Last week Cuccinelli sent a letter to Virginia's public colleges and universities stating that their employment policies banning discrimination on the basis of sexual orientation and gender identity or expression are illegal. In the days since, the commonwealth has once again gained national attention for it's backwoods bigotry and McDonnell, who has national political aspirations, has been in damage control mode.
In recent days FaceBook groups from colleges and universities all over Virginia, including UVA, Va. Tech, Radford, Roanoke College, The College of William and Mary, JMU, George Mason Univiversity, Mary Washington and Virginia Commonwealth University (VCU) have sprung up to organize students to stand up to Cooch's discriminatory declaration.
About 1,000 students at VCU rallied at the Richmond campus on Wednesday to express their outrage, then marched through the streets of the capital to deliver their message to the statehouse.
Then yesterday afternoon Gov. McDonnell attempted to quell the uproar by holding a hastily arranged press conference where he announce that he had signed Executive Directive 1 (2010) that reads, in part, “Employment discrimination of any kind will not be tolerated by this administration. Consistent with state and federal law, and the Virginia and United States Constitutions, I hereby direct that the hiring, promotion, compensation, treatment, discipline, and termination of state employees shall be based on an individual’s job qualifications, merit and performance. No employee of the Executive Branch shall engage in any discriminatory conduct against another employee.“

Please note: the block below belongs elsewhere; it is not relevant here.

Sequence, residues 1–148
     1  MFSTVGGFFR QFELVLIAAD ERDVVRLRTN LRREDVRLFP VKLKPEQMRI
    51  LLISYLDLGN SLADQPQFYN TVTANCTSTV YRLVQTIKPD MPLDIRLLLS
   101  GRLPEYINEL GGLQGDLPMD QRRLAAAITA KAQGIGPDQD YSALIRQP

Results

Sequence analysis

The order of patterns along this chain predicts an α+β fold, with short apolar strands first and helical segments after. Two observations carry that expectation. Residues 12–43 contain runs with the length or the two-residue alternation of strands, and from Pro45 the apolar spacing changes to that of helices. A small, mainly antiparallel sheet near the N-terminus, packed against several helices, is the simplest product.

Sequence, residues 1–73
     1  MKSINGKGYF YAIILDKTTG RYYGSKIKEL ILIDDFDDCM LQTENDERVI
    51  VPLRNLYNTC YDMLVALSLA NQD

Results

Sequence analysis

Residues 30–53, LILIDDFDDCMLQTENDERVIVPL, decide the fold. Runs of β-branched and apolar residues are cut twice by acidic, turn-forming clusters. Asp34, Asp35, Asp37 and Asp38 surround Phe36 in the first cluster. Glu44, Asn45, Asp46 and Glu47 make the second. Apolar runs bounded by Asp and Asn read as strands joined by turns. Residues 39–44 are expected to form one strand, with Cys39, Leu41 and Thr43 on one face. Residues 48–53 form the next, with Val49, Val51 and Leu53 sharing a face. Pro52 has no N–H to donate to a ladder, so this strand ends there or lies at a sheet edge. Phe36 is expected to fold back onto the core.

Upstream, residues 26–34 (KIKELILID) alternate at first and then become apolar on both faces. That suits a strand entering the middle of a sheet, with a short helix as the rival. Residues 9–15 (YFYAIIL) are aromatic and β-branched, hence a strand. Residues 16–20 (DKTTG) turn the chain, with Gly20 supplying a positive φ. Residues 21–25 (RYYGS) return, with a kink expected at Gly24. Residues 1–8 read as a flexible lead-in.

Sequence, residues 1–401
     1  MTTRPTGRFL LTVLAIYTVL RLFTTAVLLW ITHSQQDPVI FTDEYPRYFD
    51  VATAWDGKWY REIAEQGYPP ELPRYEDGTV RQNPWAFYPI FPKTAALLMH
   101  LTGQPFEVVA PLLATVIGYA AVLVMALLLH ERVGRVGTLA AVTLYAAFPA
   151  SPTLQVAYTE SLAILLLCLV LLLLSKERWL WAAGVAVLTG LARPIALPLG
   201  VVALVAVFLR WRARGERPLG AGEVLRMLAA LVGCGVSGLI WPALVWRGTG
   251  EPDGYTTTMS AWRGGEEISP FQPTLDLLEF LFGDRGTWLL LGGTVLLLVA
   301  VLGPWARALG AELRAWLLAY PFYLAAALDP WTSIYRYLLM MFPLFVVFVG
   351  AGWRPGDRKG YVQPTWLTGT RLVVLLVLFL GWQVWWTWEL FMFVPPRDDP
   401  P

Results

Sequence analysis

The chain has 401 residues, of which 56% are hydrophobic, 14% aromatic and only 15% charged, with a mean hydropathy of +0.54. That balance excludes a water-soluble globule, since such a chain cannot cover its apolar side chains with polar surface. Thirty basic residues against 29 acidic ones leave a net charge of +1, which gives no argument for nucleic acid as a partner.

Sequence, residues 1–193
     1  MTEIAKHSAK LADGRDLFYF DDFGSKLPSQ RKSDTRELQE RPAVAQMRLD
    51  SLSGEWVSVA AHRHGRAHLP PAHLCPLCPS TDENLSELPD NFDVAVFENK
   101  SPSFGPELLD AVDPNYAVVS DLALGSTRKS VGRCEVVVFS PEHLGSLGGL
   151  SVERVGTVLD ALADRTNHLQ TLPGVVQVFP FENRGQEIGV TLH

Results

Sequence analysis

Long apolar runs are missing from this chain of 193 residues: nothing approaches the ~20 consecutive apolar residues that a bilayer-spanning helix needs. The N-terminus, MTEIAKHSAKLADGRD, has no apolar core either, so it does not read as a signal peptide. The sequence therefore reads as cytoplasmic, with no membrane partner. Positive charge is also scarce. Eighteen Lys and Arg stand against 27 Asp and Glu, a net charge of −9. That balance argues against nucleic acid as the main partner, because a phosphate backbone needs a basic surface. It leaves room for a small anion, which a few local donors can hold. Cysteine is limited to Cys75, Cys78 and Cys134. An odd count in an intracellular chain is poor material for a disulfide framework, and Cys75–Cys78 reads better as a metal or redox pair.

But don't be so quick to take the Governor's well considered words as proof that he has changed his attitude about LGBT rights. An executive directive is not a change in law. As Equality Virginia's CEO John Blair said yesterday, the Governor's action is "a step forward and is not sufficient".
Blair said EV will "continue to lead efforts to amend state law to establish in the Code a policy against discrimination based on sexual orientation and gender identity. Although the Governor's strong language about prohibiting discrimination in state employment is welcome, the Governor's directive affords no protection to students and does not include gender identity. Clearly, it is time to redouble our efforts to change the law and change lives."
MSNBC's Rachel Maddow, as usual, provided the best analysis of the situation on her show last night.